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Indian e-waste recycling company Attero Recycling has reached out to electric vehicle maker Tesla to supply battery materials for its Gigafactories, according to Attero’s chief executive Nitin Gupta.

“We have explored the possibility of exporting our recycled output to Tesla, and it is happy to purchase it from us. However, due to Covid-19, the deal could not be finalized. No agreement has been signed yet, but we held initial conversation with Tesla for such an arrangement," he added.

The Gigafactory will be the largest building in the world, entirely powered by renewable energy. According to the Tesla website, “materials in a Tesla lithium-ion battery are recoverable and recyclable".

“The battery materials that are refined and put into a cell will still remain in the cell at the end of their life, when they can be recycled to recover its valuable materials for reuse over and over again. None of the scrapped lithium-ion batteries will go to landfills, and will be 100% recycled," it said.

Gupta said that his talks with Tesla do not hint at the possibility of the company setting up a battery assembling or cell manufacturing plant in India.

“In my opinion, to start with, Tesla may look to import its fully-made cars to India. In phase two, it may start assembling cars in India, and in the third and final step, it could set up a Gigafactory in India. But, that is still far away," he said. Tesla spokespersons could not be reached for comment till press time.

Tesla currently sources its batteries from major producers such as Panasonic, China’s CATL and South Korea’s LG Chem. It will start manufacturing its own batteries once the Gigafactory is operational.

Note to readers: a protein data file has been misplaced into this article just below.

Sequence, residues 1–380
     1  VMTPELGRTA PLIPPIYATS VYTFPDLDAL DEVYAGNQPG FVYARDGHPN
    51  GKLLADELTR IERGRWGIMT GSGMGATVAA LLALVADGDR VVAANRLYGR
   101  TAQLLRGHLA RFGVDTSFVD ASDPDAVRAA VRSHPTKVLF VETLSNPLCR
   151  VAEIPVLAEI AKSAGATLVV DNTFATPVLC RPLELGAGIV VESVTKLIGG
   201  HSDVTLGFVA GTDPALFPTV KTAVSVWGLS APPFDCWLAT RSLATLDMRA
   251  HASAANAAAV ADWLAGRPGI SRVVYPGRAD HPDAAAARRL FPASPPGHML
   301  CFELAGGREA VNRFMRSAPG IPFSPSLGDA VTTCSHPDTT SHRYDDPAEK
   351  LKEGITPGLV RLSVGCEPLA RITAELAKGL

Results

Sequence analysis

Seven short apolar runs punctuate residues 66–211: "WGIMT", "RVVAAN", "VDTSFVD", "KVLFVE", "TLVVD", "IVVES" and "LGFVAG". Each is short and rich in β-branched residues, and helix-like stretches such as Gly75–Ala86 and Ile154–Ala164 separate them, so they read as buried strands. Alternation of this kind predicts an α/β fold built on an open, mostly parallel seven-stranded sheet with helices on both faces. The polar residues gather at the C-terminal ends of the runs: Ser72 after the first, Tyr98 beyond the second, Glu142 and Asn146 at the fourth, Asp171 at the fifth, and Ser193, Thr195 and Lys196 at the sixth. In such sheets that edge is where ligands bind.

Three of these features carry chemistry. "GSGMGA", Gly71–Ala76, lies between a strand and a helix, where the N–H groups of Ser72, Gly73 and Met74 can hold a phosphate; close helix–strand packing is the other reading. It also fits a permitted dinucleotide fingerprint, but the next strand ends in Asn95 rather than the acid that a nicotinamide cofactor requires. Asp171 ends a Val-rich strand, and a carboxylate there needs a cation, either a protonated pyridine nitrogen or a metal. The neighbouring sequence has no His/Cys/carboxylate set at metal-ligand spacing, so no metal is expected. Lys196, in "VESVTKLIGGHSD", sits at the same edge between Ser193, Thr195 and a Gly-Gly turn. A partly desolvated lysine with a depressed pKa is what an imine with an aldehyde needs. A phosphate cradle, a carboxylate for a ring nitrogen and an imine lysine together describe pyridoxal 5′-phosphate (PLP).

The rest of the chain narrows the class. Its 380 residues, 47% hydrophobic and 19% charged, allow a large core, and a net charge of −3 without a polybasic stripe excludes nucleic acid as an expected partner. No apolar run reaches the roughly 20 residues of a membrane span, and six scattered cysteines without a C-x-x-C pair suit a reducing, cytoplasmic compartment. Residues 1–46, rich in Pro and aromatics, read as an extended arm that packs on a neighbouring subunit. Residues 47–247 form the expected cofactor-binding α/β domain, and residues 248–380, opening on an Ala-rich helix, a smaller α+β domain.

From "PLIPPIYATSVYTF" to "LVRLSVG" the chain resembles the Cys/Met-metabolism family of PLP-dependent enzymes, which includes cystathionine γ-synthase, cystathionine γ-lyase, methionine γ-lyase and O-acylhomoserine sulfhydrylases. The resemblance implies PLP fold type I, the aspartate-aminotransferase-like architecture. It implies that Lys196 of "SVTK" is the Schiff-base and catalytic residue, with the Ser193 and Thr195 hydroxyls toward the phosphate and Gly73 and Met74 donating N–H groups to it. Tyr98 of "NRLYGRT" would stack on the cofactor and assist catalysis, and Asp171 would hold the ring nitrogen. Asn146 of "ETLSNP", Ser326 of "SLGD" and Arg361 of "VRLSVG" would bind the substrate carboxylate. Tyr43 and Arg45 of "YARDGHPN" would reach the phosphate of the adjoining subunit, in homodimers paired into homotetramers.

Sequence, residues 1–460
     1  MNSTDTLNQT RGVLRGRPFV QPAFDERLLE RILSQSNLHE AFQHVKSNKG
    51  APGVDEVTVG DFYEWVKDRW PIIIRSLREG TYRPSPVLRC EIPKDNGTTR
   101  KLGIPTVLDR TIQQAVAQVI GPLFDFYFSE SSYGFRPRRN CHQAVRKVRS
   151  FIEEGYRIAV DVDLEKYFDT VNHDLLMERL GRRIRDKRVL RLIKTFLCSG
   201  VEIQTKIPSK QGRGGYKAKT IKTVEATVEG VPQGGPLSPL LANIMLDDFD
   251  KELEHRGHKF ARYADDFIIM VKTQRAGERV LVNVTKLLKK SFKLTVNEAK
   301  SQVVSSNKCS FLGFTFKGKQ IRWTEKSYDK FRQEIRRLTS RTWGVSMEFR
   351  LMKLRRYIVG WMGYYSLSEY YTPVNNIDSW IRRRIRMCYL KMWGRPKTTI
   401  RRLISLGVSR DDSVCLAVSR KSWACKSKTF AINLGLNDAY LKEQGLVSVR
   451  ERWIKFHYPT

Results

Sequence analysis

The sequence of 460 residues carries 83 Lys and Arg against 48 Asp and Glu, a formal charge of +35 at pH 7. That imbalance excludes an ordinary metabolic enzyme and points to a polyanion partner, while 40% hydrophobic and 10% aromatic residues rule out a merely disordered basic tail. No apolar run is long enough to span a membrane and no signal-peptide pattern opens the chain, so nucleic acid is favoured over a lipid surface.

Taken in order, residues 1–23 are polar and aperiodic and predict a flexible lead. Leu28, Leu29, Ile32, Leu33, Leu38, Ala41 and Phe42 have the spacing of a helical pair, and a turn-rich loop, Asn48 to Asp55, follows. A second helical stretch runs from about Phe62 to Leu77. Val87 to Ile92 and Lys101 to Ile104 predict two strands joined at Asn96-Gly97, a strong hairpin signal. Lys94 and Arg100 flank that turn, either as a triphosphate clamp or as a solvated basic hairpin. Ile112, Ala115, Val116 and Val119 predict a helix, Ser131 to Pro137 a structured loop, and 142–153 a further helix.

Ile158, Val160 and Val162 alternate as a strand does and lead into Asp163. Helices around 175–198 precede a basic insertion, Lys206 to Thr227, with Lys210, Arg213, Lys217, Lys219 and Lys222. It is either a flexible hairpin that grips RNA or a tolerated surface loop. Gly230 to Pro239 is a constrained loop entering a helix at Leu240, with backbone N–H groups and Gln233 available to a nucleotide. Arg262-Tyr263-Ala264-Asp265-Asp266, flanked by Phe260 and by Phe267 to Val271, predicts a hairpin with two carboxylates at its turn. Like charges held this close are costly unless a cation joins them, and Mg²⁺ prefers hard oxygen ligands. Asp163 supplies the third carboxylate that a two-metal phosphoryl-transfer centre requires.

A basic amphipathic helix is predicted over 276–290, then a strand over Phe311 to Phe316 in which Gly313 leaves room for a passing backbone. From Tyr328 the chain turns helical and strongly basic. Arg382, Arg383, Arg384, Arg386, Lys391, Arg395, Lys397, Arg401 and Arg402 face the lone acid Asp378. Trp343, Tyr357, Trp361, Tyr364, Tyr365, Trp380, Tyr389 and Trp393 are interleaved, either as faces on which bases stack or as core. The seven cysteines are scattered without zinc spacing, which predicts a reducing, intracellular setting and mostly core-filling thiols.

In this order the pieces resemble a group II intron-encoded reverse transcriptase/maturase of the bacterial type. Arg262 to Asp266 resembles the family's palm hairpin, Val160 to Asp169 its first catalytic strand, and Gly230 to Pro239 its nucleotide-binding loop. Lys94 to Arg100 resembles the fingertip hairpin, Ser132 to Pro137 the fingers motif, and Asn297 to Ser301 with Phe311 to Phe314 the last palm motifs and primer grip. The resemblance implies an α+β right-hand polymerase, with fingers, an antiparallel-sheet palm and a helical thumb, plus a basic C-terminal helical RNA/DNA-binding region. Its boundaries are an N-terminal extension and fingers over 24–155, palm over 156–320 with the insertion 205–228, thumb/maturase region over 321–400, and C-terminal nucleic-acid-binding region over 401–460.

Tesla’s wholly-owned subsidiary Tesla India Motors and Energy Pvt. Ltd has received approval from the Ministry of Road Transport and Highways to roll out four EV models for the domestic market. It has also reportedly held talks with the government to ease import duties on completely built units, which are taxed at 60-100%. However, no formal decision has been reached yet.

Gupta said while cell manufacturers have not invested in India as yet, the government’s production-linked incentive (PLI) scheme for advanced chemistry cell manufacturing may attract firms. “I expect global cell manufacturers to consider India as a market. It would allow us to close the circular economy loop of supplying recycled key components back to the industry in India."

Amperex Technology Ltd, a subsidiary of Japan’s TDK Corp., had acquired 180 acres near Gurugram in 2020 to set up a cell manufacturing unit. It is expected to start operations by the end of 2022.

Gupta expects the draft policy by the ministry of electronics and information technology, labelled ‘Circular Economy in Electronics and Electrical Sector’, to be formally adopted by the end of the fiscal year. The draft says that despite India being the third highest e-waste generator behind China and the US, it collects only 10% of the waste.

The draft says in the short term, the aim is to collect key components and secondary material from the e-waste generated in India. The PLI scheme must be extended to manufacturers using recycled battery materials, complying with recyclability standards, and establishing a sustainable product policy.

Ravi Neeladri, CEO of Bengaluru-based Cerebra Green, says initial steps to enforce e-waste compliance by the government are already underway. "Original equipment manufacturers are being asked to recover 50 percent of devices that each of them manufactured a certain number of years ago, and recycle them at end of their life cycle," he said.

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